Beggars is at once familiar and alienating. Thrice wear their influences on their collective sleeve like never before, but this transparency sullies their uniqueness. Thrice's commitment to stripping their music of artifice is refreshing and welcome after the heaving monster that was The Alchemy Index, but they take it a step too far by falling into a complacent territory that doesn't truly push their music to new heights, either intellectual or emotional. Beggars is the sound of a band settling, not for lower standards, but rather settling into a sweet spot that neither attempts to leap past the achievements of previous albums nor away from what has made them so great for so long.
Beggars by Chase Tremaine| Posted September 21, 2009
Thrice have always been well-known for their growing ambition and creativity, but their new album Beggars sees the band attempting something new: creating groove that will make the body move before making the head start thinking, as Thrice music will always do. The music is constantly fantastic, but some weak attributes make it clear that Thrice don’t perfectly know how to “groove” just yet.
Thrice: “Beggars” Released September 15, 2009 on Vagrant Records
4 out of 5 stars
After releasing a few albums of extremely ambitious material that was simultaneously brilliant and isolating (2005’s Vheissu and the double release of The Alchemy Index in 2007 and 2008), Thrice return with an album that plays in similar soundscapes as the previous albums but is easier to enjoy and has more groove. This record, 2009’s Beggars, was created through jamming instead of through long and tedious thought-processes and musical architecture. The result is a group of songs that is musically adventurous and cohesive while also trying to walk the fine line of being both fun and inventive. A few songs work perfectly, but usually the album falls into portions that are weak because they are simply jams: these songs were created with emphasis on the feeling more than the thought, so not every song has enough groove, and others have underdeveloped vocals that don’t carry enough melody. The album is overall a strong collection, but the album has enough weak spots, especially in the second half, that overshadow the creative efforts with boredom.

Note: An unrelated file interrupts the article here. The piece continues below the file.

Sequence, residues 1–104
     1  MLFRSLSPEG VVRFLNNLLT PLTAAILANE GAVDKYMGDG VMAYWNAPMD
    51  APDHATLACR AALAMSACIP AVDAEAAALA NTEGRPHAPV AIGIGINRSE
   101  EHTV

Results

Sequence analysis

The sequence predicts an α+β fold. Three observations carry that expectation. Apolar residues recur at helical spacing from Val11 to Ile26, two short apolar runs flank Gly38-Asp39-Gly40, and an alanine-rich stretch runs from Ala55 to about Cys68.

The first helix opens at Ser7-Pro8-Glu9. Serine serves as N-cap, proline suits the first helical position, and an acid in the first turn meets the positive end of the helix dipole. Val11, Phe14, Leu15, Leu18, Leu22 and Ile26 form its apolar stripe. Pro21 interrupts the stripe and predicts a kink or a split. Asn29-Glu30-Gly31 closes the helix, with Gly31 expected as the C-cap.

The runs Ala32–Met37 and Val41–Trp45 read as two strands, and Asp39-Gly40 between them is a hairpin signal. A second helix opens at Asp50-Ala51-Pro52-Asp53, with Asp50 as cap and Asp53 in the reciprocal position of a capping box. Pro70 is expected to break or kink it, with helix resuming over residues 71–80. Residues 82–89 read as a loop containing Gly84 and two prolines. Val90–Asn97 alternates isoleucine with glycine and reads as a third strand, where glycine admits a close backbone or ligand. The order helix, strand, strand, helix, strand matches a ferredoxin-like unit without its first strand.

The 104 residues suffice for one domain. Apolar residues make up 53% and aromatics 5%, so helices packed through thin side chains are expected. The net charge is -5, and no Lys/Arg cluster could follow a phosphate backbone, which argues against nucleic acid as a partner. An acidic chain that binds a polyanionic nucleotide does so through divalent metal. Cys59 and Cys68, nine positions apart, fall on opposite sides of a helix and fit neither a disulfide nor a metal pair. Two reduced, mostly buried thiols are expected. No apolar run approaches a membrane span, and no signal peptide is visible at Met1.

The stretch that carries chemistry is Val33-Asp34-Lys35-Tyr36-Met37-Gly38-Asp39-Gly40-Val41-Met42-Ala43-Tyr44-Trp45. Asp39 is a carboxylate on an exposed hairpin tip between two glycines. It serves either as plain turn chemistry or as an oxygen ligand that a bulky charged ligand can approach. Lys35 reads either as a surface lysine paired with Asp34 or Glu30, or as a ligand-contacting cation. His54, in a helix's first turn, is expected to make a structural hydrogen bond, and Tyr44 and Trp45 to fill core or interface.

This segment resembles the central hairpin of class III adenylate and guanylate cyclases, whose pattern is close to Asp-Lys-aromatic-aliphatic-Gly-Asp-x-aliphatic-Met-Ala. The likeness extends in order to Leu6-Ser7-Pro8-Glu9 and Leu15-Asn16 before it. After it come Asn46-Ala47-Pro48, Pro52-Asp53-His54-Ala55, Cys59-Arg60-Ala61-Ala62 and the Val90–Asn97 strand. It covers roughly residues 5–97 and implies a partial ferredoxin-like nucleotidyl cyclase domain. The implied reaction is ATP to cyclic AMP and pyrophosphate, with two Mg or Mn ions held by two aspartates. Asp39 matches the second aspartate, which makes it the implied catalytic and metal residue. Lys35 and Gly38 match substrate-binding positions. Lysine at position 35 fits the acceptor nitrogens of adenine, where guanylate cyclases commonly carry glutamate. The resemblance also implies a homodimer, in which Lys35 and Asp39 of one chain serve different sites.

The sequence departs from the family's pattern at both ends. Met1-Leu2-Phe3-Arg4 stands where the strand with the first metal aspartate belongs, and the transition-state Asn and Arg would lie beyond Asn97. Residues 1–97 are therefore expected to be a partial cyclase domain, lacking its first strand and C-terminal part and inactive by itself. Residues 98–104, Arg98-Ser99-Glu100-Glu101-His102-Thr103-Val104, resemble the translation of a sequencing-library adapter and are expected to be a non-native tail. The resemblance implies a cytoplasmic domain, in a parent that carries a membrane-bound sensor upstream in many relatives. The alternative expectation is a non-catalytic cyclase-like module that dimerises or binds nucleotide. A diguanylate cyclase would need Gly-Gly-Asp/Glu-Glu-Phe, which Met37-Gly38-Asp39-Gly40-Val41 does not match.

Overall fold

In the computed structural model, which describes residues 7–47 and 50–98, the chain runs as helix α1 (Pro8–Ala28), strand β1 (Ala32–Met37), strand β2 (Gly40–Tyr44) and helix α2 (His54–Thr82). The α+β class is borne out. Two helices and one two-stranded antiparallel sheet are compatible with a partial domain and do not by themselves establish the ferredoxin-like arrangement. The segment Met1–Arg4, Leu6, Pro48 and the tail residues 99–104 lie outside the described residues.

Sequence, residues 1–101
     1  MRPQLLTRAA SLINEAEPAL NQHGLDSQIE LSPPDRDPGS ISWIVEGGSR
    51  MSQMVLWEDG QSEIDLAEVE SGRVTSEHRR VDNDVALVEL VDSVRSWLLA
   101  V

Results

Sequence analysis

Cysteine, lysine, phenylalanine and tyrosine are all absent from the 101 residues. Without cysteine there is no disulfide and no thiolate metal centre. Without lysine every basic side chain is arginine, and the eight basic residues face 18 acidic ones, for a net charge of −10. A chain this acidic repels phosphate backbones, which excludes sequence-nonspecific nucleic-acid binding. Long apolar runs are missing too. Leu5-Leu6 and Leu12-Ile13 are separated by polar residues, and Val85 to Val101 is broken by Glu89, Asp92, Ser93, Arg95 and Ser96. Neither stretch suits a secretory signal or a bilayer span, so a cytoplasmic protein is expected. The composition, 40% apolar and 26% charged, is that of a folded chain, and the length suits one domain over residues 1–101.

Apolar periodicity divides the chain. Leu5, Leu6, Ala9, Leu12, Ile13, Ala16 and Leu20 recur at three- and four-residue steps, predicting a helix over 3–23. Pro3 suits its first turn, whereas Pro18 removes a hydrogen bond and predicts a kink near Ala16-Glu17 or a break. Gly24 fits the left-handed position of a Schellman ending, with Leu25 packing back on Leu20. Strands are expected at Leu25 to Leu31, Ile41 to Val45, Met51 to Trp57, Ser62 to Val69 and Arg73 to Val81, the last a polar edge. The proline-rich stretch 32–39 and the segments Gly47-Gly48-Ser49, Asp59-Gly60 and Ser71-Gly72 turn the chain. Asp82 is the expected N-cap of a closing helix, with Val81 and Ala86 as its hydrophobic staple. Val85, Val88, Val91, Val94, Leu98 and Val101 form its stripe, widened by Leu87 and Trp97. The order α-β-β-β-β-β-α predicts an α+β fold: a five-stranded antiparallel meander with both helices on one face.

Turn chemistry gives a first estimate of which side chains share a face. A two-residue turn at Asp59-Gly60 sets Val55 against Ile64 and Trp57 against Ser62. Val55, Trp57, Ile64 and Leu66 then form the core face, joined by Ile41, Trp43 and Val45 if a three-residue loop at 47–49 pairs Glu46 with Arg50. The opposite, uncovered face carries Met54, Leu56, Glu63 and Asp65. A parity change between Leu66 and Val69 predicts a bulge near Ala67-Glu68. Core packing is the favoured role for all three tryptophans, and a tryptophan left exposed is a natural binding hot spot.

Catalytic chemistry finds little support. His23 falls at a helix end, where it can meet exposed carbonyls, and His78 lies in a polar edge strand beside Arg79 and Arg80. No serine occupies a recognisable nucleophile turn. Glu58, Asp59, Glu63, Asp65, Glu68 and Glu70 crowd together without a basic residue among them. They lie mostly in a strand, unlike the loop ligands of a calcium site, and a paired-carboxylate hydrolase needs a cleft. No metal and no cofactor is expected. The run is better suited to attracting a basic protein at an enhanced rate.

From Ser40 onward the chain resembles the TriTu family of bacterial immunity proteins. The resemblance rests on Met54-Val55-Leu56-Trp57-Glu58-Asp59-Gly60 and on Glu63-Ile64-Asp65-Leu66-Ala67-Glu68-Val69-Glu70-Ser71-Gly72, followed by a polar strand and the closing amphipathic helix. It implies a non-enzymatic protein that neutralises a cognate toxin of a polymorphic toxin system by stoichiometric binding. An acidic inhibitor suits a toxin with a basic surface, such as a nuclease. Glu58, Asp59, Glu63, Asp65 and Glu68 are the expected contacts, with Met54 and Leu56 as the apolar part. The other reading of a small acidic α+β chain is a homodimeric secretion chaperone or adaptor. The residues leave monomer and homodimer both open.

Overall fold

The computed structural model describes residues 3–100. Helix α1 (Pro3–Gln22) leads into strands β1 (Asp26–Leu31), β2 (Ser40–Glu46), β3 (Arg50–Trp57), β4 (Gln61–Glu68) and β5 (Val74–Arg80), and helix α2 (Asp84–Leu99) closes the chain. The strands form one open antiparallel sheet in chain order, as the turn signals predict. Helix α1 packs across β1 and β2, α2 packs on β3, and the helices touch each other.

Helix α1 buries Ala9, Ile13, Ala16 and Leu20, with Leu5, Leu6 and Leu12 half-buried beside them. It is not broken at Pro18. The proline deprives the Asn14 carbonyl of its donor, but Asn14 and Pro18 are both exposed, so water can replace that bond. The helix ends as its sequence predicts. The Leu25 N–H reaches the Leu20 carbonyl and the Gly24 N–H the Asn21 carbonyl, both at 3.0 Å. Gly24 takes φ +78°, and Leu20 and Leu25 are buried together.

The songs “Circles” and “At the Last” are prime examples of the strengths and weaknesses of the record. “Circles” has fine musicianship (especially in the song’s shining ending) and lyrics (”We set sail with no fixed star in sight, we drive by braille and candlelight”), appearing quite beautiful and soothing, but the melodies are boring and low in craftsmanship. “At the Last” has great vocals and lyrics throughout most of the song, and it also showcases some of the album’s best guitar riffs, but the chorus melody is so monotonous and dull that the song loses all apparent worth.
On levels other than the actual musical composition, the album is spotless and glorifying. Guitarist Teppei Teranishi steps into the producer’s chair once again, proving the talent behind this band, and singer Dustin Kensrue’s lyrics are more poignant and relevant than ever. Most of the album deals with staying humble and hopeful during both life’s victories and its trials, constantly remembering that life on earth is not as important as the eternal life to come. “The Weight” is a harshly realistic but also proverbial and empowering ode to marriage. “In Exile” is a gentle tune with a heavy Pedro the Lion-influence that sings a beautiful chorus. Some of the album’s best moments are also the darkest. The driving and invigorating lead single “All the World is Mad” talks of exactly what its title suggests, and the title track “Beggars” is a build-up about how people of the world think so highly of themselves when on the grand scale they are all so small, bringing a fitting and memorable end to the album. The highlight of the record, however, is “Doublespeak,” which in general speaks about hypocrisy. The greatness of the song though lies in its completely realized sense of the aforementioned “groove,” with its bouncing piano lines, dancing drum strokes, and melodies that are both smart and memorable. The entire album hits a peak during this song, which hints that a more refined record in this style could be a masterpiece.